Fig—a member of the mulberry family—is one of the most delicate fruits. Fig is a fragile fruit and can bruise easily. Adding figs to food products not only enhances their taste, but also their nutritive value. In fact, they also help in keeping the confectioneries fresh and moist for a longer time.
The best ones are plump, fragrant and have a very slight dent when touched. Avoid those that are hard, mushy, or show signs of mould.
However, dried figs are more popular and commonly used than the fresh ones.
The many health benefits of figs
Figs are healthy. Here’s why eating them is good.
Relieves constipation and helps heal piles
They have a mild laxative effect because of their high fibre content [the fibre content in figs is higher than in any other fruit or vegetable]. Eat two dried figs soaked in water overnight every morning and before going to bed with a glass of warm water to stay away from problems like haemorrhoids (piles) and constipation.
Helps control blood pressure
The potassium in fig helps control blood pressure. Also being high in magnesium, the potassium-magnesium combination combats acidity and gas formation to a great extent. Soaking a fig overnight in water and having it early in the morning with 4 – 5 basil leaves is of great help here.
Improves heart health
Dried fig is rich in phenol, omega-3 and omega-6 fatty acids. These fatty acids reduce the risk of coronary heart disease. The high soluble-fibre content helps reduce cholesterol levels in the blood by over 20 per cent, thus preventing plaque buildup in the arteries.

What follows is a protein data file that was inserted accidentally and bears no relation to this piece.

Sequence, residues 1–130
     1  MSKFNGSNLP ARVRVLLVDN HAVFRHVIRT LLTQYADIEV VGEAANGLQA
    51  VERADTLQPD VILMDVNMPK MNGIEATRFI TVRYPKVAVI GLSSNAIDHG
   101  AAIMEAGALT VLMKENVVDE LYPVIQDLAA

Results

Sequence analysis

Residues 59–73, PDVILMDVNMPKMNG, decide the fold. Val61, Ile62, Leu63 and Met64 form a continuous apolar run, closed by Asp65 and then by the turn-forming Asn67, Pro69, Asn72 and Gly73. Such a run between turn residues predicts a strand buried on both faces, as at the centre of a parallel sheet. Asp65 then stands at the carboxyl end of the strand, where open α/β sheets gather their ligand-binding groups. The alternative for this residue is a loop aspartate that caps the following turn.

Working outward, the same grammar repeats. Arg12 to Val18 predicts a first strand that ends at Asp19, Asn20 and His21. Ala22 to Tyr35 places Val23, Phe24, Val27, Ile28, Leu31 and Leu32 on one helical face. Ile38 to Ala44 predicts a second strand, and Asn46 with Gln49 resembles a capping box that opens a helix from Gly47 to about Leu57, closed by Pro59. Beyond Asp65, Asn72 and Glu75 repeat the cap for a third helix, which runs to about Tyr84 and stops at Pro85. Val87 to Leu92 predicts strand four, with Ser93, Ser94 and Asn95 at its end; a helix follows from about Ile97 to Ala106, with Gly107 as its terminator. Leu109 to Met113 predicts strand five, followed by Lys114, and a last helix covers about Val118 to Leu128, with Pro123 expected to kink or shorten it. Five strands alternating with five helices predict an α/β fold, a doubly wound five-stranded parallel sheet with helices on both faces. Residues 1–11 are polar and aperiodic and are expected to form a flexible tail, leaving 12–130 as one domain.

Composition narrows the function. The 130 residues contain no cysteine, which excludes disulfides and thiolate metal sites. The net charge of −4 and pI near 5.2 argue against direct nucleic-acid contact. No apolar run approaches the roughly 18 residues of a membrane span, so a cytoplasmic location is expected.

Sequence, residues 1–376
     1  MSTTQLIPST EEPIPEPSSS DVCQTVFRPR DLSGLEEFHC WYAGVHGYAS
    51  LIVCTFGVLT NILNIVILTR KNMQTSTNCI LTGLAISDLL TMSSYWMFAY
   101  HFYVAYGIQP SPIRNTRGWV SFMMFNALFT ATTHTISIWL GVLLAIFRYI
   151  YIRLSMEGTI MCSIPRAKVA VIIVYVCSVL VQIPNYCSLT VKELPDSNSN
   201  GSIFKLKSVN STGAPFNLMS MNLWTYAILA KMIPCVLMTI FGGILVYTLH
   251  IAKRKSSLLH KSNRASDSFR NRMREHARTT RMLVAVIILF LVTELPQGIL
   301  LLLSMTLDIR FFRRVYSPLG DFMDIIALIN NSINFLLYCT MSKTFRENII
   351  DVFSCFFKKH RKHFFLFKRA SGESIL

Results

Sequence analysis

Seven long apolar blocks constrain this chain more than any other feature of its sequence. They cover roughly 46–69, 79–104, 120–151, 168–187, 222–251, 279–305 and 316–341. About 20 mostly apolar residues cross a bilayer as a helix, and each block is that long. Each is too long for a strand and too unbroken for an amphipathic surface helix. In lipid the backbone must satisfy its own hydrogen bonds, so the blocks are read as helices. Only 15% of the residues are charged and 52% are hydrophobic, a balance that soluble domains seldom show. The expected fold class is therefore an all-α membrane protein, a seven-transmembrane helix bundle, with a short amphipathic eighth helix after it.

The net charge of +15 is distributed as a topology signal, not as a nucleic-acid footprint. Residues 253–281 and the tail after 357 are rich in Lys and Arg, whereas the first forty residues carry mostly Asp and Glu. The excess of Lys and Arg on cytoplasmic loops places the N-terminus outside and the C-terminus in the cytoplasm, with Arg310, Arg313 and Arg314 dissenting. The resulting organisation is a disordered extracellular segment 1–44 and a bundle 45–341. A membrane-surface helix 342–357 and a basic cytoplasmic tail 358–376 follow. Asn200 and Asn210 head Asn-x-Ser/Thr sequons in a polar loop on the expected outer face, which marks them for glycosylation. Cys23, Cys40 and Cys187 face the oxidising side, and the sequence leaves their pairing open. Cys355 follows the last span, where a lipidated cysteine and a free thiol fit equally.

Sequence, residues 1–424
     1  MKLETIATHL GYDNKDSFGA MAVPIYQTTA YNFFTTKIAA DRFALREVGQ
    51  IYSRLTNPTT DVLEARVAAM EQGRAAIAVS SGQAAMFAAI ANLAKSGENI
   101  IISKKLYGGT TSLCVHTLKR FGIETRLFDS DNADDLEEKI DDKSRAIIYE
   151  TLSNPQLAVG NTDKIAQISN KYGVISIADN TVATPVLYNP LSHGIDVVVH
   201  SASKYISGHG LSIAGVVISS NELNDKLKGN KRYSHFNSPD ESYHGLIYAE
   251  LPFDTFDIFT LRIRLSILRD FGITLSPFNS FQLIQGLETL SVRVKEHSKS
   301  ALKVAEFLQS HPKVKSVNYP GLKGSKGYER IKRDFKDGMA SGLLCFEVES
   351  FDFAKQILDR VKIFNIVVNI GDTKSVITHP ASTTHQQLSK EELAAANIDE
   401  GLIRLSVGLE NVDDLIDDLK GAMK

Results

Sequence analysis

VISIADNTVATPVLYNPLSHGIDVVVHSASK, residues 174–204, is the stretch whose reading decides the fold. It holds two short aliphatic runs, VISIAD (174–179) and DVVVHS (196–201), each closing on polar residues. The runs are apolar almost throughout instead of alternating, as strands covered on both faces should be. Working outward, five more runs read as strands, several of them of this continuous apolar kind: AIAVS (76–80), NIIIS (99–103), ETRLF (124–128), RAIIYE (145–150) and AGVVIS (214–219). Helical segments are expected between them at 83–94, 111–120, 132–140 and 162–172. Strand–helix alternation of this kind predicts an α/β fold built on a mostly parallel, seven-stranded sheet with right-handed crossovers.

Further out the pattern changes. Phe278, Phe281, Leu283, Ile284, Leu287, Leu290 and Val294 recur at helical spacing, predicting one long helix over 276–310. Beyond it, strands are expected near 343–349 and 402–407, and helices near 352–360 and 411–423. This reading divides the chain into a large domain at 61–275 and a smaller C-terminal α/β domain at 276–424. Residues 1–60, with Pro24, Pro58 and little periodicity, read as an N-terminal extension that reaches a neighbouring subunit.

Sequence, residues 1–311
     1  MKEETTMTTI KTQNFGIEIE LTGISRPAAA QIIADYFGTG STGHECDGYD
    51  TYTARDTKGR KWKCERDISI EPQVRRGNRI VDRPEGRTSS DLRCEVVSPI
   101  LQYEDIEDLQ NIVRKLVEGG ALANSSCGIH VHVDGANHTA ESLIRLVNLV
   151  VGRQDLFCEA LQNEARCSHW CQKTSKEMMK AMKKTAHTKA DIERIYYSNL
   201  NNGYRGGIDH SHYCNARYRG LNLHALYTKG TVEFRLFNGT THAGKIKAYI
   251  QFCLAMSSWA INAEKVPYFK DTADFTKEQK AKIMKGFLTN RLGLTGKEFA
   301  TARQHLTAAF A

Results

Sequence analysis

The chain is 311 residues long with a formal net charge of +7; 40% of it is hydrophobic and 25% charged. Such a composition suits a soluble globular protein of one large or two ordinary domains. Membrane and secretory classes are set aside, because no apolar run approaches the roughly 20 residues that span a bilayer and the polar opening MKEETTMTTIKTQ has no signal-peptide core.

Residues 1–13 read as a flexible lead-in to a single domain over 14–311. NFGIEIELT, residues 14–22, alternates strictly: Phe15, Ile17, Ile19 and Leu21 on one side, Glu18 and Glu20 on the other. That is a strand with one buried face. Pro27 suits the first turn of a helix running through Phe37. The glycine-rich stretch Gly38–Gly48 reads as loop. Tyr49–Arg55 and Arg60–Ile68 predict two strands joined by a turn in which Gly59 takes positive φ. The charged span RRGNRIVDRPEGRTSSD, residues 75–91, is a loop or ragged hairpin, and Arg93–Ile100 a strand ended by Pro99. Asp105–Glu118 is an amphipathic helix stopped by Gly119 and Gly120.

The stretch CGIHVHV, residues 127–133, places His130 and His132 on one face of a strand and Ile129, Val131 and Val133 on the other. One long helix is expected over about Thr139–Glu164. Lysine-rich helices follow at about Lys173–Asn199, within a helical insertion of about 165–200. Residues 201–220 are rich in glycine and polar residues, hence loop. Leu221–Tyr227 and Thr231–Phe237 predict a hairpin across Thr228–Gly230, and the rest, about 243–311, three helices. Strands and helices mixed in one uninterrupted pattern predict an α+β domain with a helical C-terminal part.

Promote weight loss
They have zero cholesterol or saturated fats, which, along with their fibre content promotes weight loss.
They are abundant in vitamin B6, which enhances production of serotonin [mood-boosting hormone] and prevents water retention.
Eases symptoms of menopause
Menopausal women with major mood swings can benefit from eating figs. Women on birth control pills too can have figs to replenish their vitamin B6 levels, which gets depleted by the pill.
Increases bone density
Being rich in calcium, figs help in increasing bone density.
Helps sleep better
Get rid of insomnia by eating them regularly—figs are rich in tryptophan, a vitamin that induces good sleep.
Soothes respiratory ailments
Soothe your respiratory ailments with this simple remedy. Boil 4 – 5 fresh figs in about half litre water. Bring the water to a boil and then strain the mixture. Once cooled, drink the mixture and get instant relief from a sore throat.
Boosts skin health
Get soft, glowing and blemish-free skin by including them in your daily diet. A natural way to treat boils is by applying the inner red part of a fresh fig over it and sealing it. Keep it on for 10 – 15 minutes and then wash it away with warm water.
Figs in your food
Here are some ways to incorporate figs into your diet and reap its benefits:
- Dried figs added to milkshakes or smoothies lend extra flavour, while making the drinks high in energy—an ideal way to start your day.
- They can be added to baked goodies like muffins, cakes, cookies, muesli and energy bars.
- They double up as natural sweeteners in oatmeal, ragi or any other wholegrain breakfast porridges.
- Dried figs can also be added to fruit salads or custard. You can finely chop the figs and add them to your favourite salad with cinnamon before serving.
Recipe: Fig coconut energy bar
100g chopped dried figs, 50g cornflakes, 40g shredded coconut, 1/4 cup water, 50g chopped dates
- Boil dates and figs in water till the fruits become soft.
- Remove from flame and add crushed cornflakes.
- Sprinkle half the coconut on a baking sheet to form a square. Spread the date mixture on top and sprinkle the remaining coconut on top.
- Refrigerate till firm. Then cut into bars and serve.
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